My problem is, I'm an all or nothing kind of person. I knew I needed to come up with a way to drastically limit time on Instagram that I could actually stick to for the long haul. I love Instagram. That has become such an important community for me and I have so many dear friends on there. Friends who encourage me in motherhood and point me towards Christ. Friends I now text and talk to on the phone and exchange snail mail with and several that I will meet at a women's conference in Dallas at the end of this month. I really wasn't willing to give it up completely.
I had the idea to delete the app when I'm not using it. If I get on once in the afternoon during Channing's nap or to post a photo, I'll delete and reinstall it once the boys are in bed and then delete it again after that (by 9pm!! I'm putting that out there so you people can hold me accountable). It sounds like a pain but it actually only takes about 20 seconds to install and another 20 seconds to log in. It has completely removed all habitual mindless use of it. It's really working for me and maybe it'll work for you too.
I also read a great blog post by one of my favorite IG'ers (@kristinrogers) but I can't find it right now. The great takeaway I got from it was to quickly snap the shot, then put your phone away and rejoin the moment. You can edit and post it later. No one cares or knows if they're all latergrams! I really liked that idea. Probably seems obvious to some but I hadn't thought of it before.
Motherhood is hard, folks. Like, crazy hard. I hit my bed every night like I spent the day in basic training for the Army. Physically exhausted and emotionally drained from three tiny drill sergeants in my face all day long. But I want those little drill sergeants to remember a peaceful, happy home and a mom who laughed way more than she yelled. I'm thankful for God's grace and forgiveness in my own life and I'm so thankful that every day is fresh in God's eyes and in my children's eyes.
I'm weary, Lord, but that's where you step in. Let me love these boys in a way that would point them back to you. Let me choose my words and tone of voice carefully in order to build them up. And let me selflessly give up time and energy to serve my family, rather than myself. And may I stick out the remainder of this wretched winter with grace and dignity. Amen ;)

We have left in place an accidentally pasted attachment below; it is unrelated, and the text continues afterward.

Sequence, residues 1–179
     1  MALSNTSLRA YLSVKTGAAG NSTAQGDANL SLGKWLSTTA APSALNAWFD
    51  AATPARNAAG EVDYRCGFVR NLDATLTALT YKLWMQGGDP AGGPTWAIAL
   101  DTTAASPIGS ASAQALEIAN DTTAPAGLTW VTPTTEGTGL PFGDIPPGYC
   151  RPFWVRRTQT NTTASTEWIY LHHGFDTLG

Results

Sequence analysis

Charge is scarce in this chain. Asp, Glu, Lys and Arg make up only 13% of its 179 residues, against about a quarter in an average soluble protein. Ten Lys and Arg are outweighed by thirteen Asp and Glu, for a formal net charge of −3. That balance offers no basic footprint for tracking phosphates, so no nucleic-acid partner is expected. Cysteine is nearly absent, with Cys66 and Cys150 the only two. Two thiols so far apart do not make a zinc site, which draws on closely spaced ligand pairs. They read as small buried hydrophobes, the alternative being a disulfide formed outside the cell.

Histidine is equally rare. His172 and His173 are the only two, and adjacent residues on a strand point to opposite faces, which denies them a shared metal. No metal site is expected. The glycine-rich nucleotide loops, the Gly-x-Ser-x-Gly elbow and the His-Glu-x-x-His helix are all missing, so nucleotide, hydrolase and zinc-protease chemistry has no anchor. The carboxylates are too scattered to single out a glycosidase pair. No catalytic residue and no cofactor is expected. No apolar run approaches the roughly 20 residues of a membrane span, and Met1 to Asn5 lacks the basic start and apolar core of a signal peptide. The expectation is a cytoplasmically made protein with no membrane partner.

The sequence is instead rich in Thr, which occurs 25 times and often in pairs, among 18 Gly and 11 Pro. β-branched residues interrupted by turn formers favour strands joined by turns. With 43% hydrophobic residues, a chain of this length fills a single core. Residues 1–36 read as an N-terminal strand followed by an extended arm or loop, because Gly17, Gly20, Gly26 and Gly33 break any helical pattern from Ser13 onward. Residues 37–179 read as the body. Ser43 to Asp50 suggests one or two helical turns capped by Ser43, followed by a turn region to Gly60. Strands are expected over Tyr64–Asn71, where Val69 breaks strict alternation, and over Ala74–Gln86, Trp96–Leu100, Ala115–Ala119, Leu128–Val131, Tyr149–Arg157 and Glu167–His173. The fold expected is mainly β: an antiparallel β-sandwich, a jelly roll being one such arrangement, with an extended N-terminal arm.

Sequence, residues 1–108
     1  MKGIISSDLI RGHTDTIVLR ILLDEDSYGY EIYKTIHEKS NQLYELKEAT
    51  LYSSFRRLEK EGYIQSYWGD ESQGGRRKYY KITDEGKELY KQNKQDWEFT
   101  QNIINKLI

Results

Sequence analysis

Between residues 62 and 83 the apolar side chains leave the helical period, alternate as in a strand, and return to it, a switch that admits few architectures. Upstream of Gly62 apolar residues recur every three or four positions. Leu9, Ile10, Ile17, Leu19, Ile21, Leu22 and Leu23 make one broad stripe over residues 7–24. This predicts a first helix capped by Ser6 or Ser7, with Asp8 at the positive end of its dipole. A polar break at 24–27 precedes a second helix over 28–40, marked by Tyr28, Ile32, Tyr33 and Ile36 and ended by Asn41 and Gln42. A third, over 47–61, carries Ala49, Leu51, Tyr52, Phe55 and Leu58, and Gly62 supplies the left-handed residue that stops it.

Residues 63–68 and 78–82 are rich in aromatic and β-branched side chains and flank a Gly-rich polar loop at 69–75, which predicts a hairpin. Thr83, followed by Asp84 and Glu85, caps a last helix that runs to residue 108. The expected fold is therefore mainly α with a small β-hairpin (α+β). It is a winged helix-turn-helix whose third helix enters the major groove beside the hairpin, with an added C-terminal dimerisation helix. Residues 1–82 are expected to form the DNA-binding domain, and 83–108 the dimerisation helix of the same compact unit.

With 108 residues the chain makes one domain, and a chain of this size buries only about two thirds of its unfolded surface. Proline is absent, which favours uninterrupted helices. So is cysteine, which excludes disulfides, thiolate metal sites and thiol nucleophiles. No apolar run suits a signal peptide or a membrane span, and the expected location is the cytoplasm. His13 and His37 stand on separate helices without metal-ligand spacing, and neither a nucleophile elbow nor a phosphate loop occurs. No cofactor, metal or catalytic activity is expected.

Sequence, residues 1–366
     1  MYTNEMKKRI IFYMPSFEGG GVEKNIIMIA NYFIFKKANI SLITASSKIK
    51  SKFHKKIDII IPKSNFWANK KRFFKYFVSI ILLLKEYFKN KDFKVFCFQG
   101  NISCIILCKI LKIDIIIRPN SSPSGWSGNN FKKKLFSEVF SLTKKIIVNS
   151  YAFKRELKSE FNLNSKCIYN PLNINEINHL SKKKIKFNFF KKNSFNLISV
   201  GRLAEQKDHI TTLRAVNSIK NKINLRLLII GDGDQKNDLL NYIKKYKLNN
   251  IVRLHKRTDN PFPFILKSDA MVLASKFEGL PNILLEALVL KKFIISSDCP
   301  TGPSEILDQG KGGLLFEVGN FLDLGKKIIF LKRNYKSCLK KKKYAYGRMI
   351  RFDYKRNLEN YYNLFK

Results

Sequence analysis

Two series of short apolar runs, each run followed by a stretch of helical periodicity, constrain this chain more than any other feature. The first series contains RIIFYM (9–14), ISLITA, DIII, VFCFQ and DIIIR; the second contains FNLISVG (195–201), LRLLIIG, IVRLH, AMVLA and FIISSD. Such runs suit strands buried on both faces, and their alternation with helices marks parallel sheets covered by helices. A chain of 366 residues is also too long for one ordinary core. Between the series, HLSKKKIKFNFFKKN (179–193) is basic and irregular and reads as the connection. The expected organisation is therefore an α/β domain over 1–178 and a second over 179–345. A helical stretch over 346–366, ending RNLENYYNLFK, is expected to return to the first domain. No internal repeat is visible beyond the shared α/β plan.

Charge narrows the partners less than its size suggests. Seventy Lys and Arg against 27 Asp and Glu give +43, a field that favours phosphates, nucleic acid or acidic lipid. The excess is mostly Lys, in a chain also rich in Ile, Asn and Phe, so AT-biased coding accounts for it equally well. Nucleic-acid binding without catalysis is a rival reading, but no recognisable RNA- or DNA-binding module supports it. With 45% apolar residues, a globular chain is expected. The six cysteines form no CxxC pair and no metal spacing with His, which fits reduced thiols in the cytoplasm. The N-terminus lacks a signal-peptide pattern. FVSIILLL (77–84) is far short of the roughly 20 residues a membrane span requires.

That one glorious 50 degree day.....

Wednesday, February 5, 2014

doing more to live with less

I'm reading a book right now that I was scared of. I thought I wasn't spiritually ready for it. I just didn't want to face the ugliness of my own excessive upper-middle-class life. I knew there was probably a lot of ugly. And I was comfortable in it. But comfort is the last thing God wants for us here on earth. In fact, He really wants us to feel uncomfortable. Because that's where our chances for growth lie. And so, without much of a choice (short of taking a leave of absence from my Wednesday morning moms group that I LOVE until they wrapped up the book) I dove in. And actually, I was kind of glad I was forced into it. Because deep down I did want to read it.
The book is Jen Hatmaker's, 7. You can read the synopsis here. I suggest you just go ahead and buy it or find someone to borrow it from, whether you think you're ready for it or not. It'll change your life and save you money at the same time. (I promise you'll make back the $12 it costs to buy the book in your first trip to the grocery store.)
Here's the thing with the book- you can go hard core, all in with the experiment, like she did, and fast in seven areas of your life for however long you choose. Or, what our group of scaredy-cats did was just choose our own method. We read a chapter (currently on chapter four) and then we listen to what God is asking of us and then make big or small changes in those areas. We've all chosen different things and no one feels like a slacker if you don't technically fast (ah me. I guess I'm the scaredest of the scaredy-cats.)

Along with the start of this book, we all discussed our "Word of the Year". I kind of rolled my eyes when someone first asked me if I'd chosen a word for the year. I mean...really. I'm not one of those Type-A, choose my word for the year, organized, scheduled, clean-freak, on-time sort of people. I'm none of that and a bag of chips. But the more I thought about it, the more I thought I probably needed a word of the year. And once I started thinking I needed a word of the year, the word, EFFORT, popped into my head. I don't like that I'm not very scheduled or clean-freaky or on time. And if it bothers me, it's probably because I need to change something. I need to make some effort. And that word led me straight into my commitment after reading the first chapter (about food) in 7. So before my weekly grocery run, I actually made a loose meal plan. And I was also determined to buy way more fresh fruit and veggies and way fewer processed snacks for the boys and frozen entrees for myself (which are pricey because I buy the healthy ones). I went to Costco and Trader Joe's that day and bought a ton of groceries. And when I came home, I think out of the $160 or so that I spent, I had about 10 items (including several canned goods and oatmeal) that needed to go into the pantry and just a few went into the freezer and I had so much stuff for my fridge, it wouldn't all fit. And guess what? I spent a lot less than usual. Because I wasn't paying someone else to cook and package the food for me. (I also learned that Costco's produce is CHEAP. Like crazy cheap. Like sweet potatoes for $.33 a pound! I usually spend way too much money in there because I buy all kinds of crap but if you ignore all the crap and just buy fresh stuff, you can save a crapload of money.) I told myself, my true test would be if we actually ate all that fresh stuff instead of throwing a bunch out because I was too lazy to cook the veggies and they went bad. Well, it's been a couple of weeks and most of it has been cooked and eaten. (I still have approximately eight pounds of carrots left but thankfully those last a bit longer than most produce.)